Legal Updates

 Banking and Capital MarketsOctober 17, 2023

EU Green Bond Standard: European Parliament Formally Adopts Regulation

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On 6 July 2021, the European Commission submitted a legislative proposal for the introduction of a European Green Bond Standard (the “EUGBS”), seeking to promote sustainable finance by making it easier for market participants to raise large-scale financing for climate and environmentally-friendly investments. Subsequently, on 28 February 2023, the European Parliament (the “EP”) and the Council of the EU announced that a provisional agreement had been reached on the EU green bond framework as considered in our March 2023 briefing note (Provisional Agreement Reached on EU Green Bond Framework).

Following extensive negotiations, the European Green Bond Regulation (the “Regulation”) introducing the EUGBS was adopted on 5 October 2023 by the EP (European Green Bond Framework). The Regulation lays down the foundation for a common framework that bond issuers, whether within or outside the EU, will need to follow if they wish to label their green bonds as a “European Green Bond” (“EUGB”).

The Regulation

The key aspects of the Regulation are:

  • Use of proceeds: at least 85% of the net proceeds raised by the EUGB must be invested in “environmentally sustainable” activities aligned with the EU Taxonomy Framework (the “Taxonomy”) prior to maturity of the EUGB. Up to 15% of the net proceeds can be allocated to (i) activities for which there are no technical screening criteria in force at the date of issuance, provided the activities comply with the generic criteria for ‘Do No Significant Harm’, as set out in Delegated Regulation (EU) 2021/2139, and/or (ii) activities in the context of international support, provided those activities comply with the appropriate technical screening criteria on a best effort basis. Additionally, issuers may use the proceeds of the EUGB to finance (i) fixed (tangible or intangible) assets that are not financial assets, provided that those fixed assets relate to economic activities that meet the Taxonomy, (ii) capital expenditures (“CapEx”), and/or operating expenditures (“OpEx”), created no later than three years after the issuance of the EUGB, (iii) financial assets (i.e. financial claims and equity instruments), created no later than five years after the issuance of the EUGB and (iv) assets and expenditures of households.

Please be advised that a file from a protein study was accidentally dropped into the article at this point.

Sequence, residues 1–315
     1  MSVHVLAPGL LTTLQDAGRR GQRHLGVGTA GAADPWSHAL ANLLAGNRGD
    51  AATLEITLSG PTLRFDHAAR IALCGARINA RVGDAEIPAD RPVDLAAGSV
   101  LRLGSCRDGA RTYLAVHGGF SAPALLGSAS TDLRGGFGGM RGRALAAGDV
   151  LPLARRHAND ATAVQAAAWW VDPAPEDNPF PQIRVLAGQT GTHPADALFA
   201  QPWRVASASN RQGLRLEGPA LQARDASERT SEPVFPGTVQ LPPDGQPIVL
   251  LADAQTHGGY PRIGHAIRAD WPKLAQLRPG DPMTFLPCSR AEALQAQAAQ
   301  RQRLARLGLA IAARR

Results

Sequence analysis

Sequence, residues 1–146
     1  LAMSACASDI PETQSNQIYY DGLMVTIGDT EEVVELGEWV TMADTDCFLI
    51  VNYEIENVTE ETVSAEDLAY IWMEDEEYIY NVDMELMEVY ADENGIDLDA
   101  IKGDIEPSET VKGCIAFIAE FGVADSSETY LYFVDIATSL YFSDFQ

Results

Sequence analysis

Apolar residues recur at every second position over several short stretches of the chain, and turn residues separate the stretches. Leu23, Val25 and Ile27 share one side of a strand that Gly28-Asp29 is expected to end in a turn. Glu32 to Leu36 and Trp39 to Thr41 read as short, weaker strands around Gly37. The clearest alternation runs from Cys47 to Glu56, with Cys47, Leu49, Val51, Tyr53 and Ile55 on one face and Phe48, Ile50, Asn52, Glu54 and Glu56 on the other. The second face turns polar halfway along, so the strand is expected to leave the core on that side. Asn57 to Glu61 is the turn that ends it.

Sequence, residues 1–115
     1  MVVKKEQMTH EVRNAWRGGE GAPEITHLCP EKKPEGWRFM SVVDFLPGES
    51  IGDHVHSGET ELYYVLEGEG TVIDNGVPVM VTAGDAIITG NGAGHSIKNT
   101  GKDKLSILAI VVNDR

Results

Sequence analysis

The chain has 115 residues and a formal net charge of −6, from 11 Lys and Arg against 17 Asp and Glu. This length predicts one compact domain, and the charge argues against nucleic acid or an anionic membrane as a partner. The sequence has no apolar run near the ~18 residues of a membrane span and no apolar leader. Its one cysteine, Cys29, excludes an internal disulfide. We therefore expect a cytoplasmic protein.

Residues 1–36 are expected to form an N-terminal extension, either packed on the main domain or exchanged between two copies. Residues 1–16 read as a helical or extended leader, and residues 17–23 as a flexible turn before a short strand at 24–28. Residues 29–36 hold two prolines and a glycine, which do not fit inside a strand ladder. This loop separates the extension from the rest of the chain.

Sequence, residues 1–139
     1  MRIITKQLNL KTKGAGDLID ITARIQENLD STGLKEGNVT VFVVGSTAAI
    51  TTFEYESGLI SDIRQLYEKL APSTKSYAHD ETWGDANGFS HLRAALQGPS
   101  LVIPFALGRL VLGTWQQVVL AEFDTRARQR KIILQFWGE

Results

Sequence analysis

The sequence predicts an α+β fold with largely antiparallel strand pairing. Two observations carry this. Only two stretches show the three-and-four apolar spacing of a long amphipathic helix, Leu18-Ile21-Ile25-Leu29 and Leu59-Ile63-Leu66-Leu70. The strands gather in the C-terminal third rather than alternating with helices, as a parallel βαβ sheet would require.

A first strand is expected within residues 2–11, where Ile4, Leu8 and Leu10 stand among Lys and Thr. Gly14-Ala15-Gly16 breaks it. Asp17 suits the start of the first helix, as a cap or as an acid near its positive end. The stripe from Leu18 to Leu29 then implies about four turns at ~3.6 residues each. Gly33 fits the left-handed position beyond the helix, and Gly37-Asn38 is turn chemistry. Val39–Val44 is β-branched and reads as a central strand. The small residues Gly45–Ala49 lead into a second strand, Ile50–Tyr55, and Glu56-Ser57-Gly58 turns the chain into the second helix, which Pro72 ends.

• Transparency: issuers will be subject to specific and standardised disclosure requirements set out in so-called “template formats” to ensure full transparency on the allocation of proceeds and the environmental impact of the EUGB which will enable potential investors to evaluate and compare EUGB. In terms of disclosure requirements, issuers should publish:
    • pre-issuance factsheets, to be published prior to the issue and which set out, among other things, how the EUGB is expected to contribute to the wider environmental strategy of the issuer and the projected allocation of proceeds to Taxonomy-aligned activities;
    • post-issuance annual allocation report to be published annually until full allocation of the proceeds and which outlines how the proceeds of the EUGB have been allocated to Taxonomy-aligned activities; and